Ohio Court Measures the Damage to a Computer Network by Its Value to the Owner, Not Its Fair Market Value

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In Westfield Insurance Group v. Silco Fire & Security, 2019 Ohio App. LEXIS 2810, the Court of Appeals of Ohio, Fifth Appellate District addressed whether the trial court properly instructed the jury that the applicable measure of damages for damage done to a computer network was the network’s replacement cost value rather than its fair market value. Based on the unique circumstances of the case, the Court of Appeals held that the trial court did not abuse its discretion when it instructed the jury on the replacement cost measure of damages rather than fair market value.

As stated in the case, FirstMerit Corporation (FirstMerit) had a data storage and disaster recovery center in Canton, Ohio. FirstMerit purchased a dry agent fire suppression system from Ansul Corporation and hired Silco Fire & Security (Silco) to install the system. The installation was completed in 2009. Thereafter, Silco provided routine service, inspection and testing of the system pursuant to an oral agreement with FirstMerit.

In 2015, the sprinkler system discharged while a Silco technician was conducting an inspection of the system. The discharge caused an intense sound and vibration that caused damage to FirstMerit’s computer network, hard drives and phone system. Silco representatives restored the system, but could not determine the cause of the activation.

FirstMerit declared the computer system irreparable, and built a new data center in Flint, Michigan. FirstMerit also filed a claim with its property insurance carrier, Westfield Insurance (Westfield). Three days after the sprinkler discharge, Westfield sent a subrogation notice letter to Silco, who filed a claim with its liability carrier, West Bend Mutual Insurance (West Bend).

In October 2016, Westfield filed a subrogation lawsuit against Silco. At trial, Westfield presented evidence of the replacement cost value of the computer equipment in the amount of $800,000. Silco also presented evidence of the replacement cost value of the equipment but valued the loss at a value of $294,658.82. However, Silco also argued that Westfield was only entitled to the diminution of fair market value of the equipment, which was even less.

The trial court instructed the jury that the measure of damages was the replacement cost value of the computer equipment. Silco objected to the instruction, arguing that the correct measure of damages for damage to personal property is the property’s fair market value, which is the difference in the value of the property immediately before and after the incident.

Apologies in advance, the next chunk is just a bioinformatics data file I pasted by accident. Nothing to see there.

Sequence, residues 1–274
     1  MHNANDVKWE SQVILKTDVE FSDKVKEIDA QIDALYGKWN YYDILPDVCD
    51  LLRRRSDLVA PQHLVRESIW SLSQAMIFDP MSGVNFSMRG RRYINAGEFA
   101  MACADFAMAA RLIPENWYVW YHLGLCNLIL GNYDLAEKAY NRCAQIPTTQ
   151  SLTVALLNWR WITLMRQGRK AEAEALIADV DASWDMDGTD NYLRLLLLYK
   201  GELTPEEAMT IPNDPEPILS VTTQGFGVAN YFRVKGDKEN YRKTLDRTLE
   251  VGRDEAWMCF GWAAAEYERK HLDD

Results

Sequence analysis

At trial, the jury found Silco liable for the loss and awarded Westfield $295,000. Silco filed an appeal with the Court of Appeals, arguing that under Ohio law, the measure of damages for personal property that is totally destroyed is the fair market value of the personal property.

After noting that Westfield proceeded to trial on its claim of breach of contract, the Court of Appeals discussed the proper measure of damages. As stated by the court, the measure of damages in a breach of contract action is the amount necessary to place the non-breaching party in the position he or she would have been in had the breaching party fully performed under the contract. The court further stated that when market value cannot feasibly be obtained, courts apply a more elastic standard, known as “the standard of value to the owner.” This standard considers several factors, including the value of the property to the owner, the property’s original cost, its replacement cost, its salvage value and the property’s fair market value at the time of the loss. Considering the unique and sensitive nature of the computer network, the court found that the trial court did not abuse its discretion when it gave the jury an instruction that allowed it to award replacement cost damages.

The Silco case demonstrates that although fair market value is generally the appropriate measure of damages for destroyed personal property, in instances where the market value of damaged property cannot be ascertained, the court may apply a replacement cost measure of damages instead. Thus, if the market value of an insured’s alleged damages cannot be feasibly ascertained, subrogation professionals handling Ohio cases should consider asking for replacement cost damages. In such circumstances, the replacement cost will be less difficult to prove, and, as in this case, may lead to a greater recovery.

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